Ask Ubuntu is a question and answer site for Ubuntu users and developers. Join them; it only takes a minute:

Sign up
Here's how it works:
  1. Anybody can ask a question
  2. Anybody can answer
  3. The best answers are voted up and rise to the top

I accidentally pressed Ctrl+Alt+F12 and my display turned to black... I then had to make a reboot.. What did it do to my system? Also what does Alt+ F8 to F10 do?

share|improve this question
Related (but not a duplicate): Reverting from Ctrl - Alt - F1 – Eliah Kagan Jul 26 '14 at 23:29
TL;DR in case of BLACKOUT and WANT BACK to GUI: Ctrl+Alt+F7 – andi Jun 13 at 15:38

Pressing Ctrl+Alt+Fn (or just Alt+Fn when not in X11, the GUI) switches to the nth virtual console (ttyn).

Often we talk about a virtual console as a usable text console. So we often say there are six virtual consoles, accessible with Alt+F1 through Alt+F6 (holding down Ctrl too if you're in the GUI when you want to switch). And we often say that then, separately, is the GUI, which can be switched (back) to with Alt+F7.

But in fact, tty7, where the GUI typically runs, is a virtual console too. It's just not usable as a text console, because it doesn't have getty running for it. getty runs for tty1 through tty6 (by default). getty sets a virtual console up to be used like a terminal and runs login to prompt for a username and password.

You can see the getty commands that are running by filtering the output of ps:

ek@Kip:~$ ps ax | grep -v grep | grep getty
 1127 tty4     Ss+    0:00 /sbin/getty -8 38400 tty4
 1150 tty5     Ss+    0:00 /sbin/getty -8 38400 tty5
 1171 tty2     Ss+    0:00 /sbin/getty -8 38400 tty2
 1172 tty3     Ss+    0:00 /sbin/getty -8 38400 tty3
 1175 tty6     Ss+    0:00 /sbin/getty -8 38400 tty6
11231 tty1     Ss+    0:00 /sbin/getty -8 38400 tty1

Since tty7 is the first virtual console that is not set up to behave like a terminal (i.e., no getty is running for it), that's the one X11 (which provides the GUI) uses.

Virtual consoles higher than tty7 exist also. It's just that, ordinarily, they neither have getty running for them, nor do they have X11 using them. The first 12 virtual consoles are accessible with the key combinations described above using function keys (because a keyboard typically has only 12 numbered function keys). They are accessible even if nothing is happening on them.

Thus, when you press Ctrl+Alt+F12, you get a blank screen because you are now on tty12, which has nothing at all running on it.

As an interesting exercise, you might try running:

sudo /sbin/getty -8 38400 tty12

Then press Alt+F12 (or Ctrl+Alt+F12 if you're in the GUI rather than one of the first 6 virtual consoles).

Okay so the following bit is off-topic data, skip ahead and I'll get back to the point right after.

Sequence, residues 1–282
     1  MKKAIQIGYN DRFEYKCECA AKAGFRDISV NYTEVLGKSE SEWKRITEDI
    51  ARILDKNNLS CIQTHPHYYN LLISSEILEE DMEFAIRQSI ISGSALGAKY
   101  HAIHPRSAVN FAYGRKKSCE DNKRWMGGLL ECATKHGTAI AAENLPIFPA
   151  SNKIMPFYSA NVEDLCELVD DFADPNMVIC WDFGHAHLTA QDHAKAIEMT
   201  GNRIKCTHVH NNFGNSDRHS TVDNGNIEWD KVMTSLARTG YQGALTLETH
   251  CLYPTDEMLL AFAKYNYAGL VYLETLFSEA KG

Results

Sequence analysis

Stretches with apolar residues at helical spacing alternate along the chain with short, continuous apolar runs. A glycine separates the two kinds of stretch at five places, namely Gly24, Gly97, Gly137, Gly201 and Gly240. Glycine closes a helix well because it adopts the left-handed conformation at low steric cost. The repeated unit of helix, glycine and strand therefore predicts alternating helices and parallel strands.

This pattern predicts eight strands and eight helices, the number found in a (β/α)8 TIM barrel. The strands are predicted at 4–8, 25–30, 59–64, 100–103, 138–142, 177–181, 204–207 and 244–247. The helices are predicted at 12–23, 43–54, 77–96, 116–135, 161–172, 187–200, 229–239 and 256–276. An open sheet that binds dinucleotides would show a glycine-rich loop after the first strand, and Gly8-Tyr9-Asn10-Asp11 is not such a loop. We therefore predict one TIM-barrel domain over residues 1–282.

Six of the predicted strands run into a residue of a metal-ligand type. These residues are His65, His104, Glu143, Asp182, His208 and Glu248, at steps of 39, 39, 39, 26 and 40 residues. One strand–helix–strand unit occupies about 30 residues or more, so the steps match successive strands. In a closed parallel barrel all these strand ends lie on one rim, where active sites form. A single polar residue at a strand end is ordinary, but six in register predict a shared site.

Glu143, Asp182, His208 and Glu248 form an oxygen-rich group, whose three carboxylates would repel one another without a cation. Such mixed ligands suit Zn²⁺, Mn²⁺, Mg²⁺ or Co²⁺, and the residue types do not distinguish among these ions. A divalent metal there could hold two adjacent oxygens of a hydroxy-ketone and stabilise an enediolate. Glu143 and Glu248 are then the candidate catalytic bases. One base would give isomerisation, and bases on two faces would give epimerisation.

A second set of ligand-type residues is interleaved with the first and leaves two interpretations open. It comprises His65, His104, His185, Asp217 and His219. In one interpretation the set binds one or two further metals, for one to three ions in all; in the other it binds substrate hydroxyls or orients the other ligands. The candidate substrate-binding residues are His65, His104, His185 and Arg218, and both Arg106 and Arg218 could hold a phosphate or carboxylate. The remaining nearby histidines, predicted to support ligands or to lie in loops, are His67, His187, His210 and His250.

This will bring you to tty12, which now has a login screen and is usable as a terminal.

(If you wanted to permanently create usable text-based consoles on higher-numbered virtual consoles, then you should configure init to run getty for them automatically. When getty is run manually as above, or even if you were to add that line to a startup script, you won't get the ability to login again after logging out on the virtual console, because getty won't automatically run again. Furthermore, there are some other problems running getty in that way for production use--for example, bash job control might not be available in your login shell, after you log in. If you want to make more virtual consoles usable as text-based terminal emulators, I recommend asking a separate question about that.)

share|improve this answer

Here is a brief explanation:

The following Keys are for going to the Terminal (The black background, white letters way):

Ctrl+Alt+F1 - Will send user to tty1 or 1st Terminal

Ctrl+Alt+F2 - Will send user to tty2 or 2nd Terminal

Ctrl+Alt+F3 - Will send user to tty3 or 3rd Terminal

Ctrl+Alt+F4 - Will send user to tty4 or 4th Terminal

Ctrl+Alt+F5 - Will send user to tty5 or 5th Terminal

Ctrl+Alt+F6 - Will send user to tty6 or 6th Terminal

For GUI Terminals (Where X is typically running, or better said, where you land when Unity appears and everything looks good. The default one where you start the GUI would be F7):

Ctrl+Alt+F7 - Will send user to the 1st GUI Terminal

Ctrl+Alt+F8 - Will send user to the 2nd GUI Terminal

Ctrl+Alt+F9 - Will send user to the 3rd GUI Terminal

Ctrl+Alt+F10 - Will send user to the 4th GUI Terminal

Ctrl+Alt+F11 - Will send user to the 5th GUI Terminal

Ctrl+Alt+F12 - Will send user to the 6th GUI Terminal

The thing to note here is that you can go from one terminal to the other by pressing the corresponding keys. You should also note that, since you are running one instance of the X server (one Unity running) you will only have F7 working for the GUI Terminals. If you open another X Server session, it will start in F8 and you can switch between both by pressing the correct keys. You can keep doing this for a total (default) of 6 times which would be F7 up to F12.

share|improve this answer
Can there be more than 6 GUI terminals of which some are inaccessible? – hexafraction Aug 15 '13 at 16:42
@hexafraction I can imagine the user typing in the terminal something like "sudo xinit -- :4 vt14" where 4 would be the session number and the 14 would be the virtual terminal. – Luis Alvarado Aug 15 '13 at 19:34
I know it's possible to issue a command, just not sure if it will render if switched into by software, – hexafraction Aug 15 '13 at 19:41
Ok I tried and it works but the problem I think will be how to switch to it using the keyboard ;). I mean CTRL+ALT+F21?? – Luis Alvarado Aug 15 '13 at 19:55
No, my question is whether X.Org cuts off VTs at 12 or has keyboard-inaccessible ones past there available for software access. – hexafraction Aug 15 '13 at 19:57

Your Answer


By posting your answer, you agree to the privacy policy and terms of service.

Not the answer you're looking for? Browse other questions tagged or ask your own question.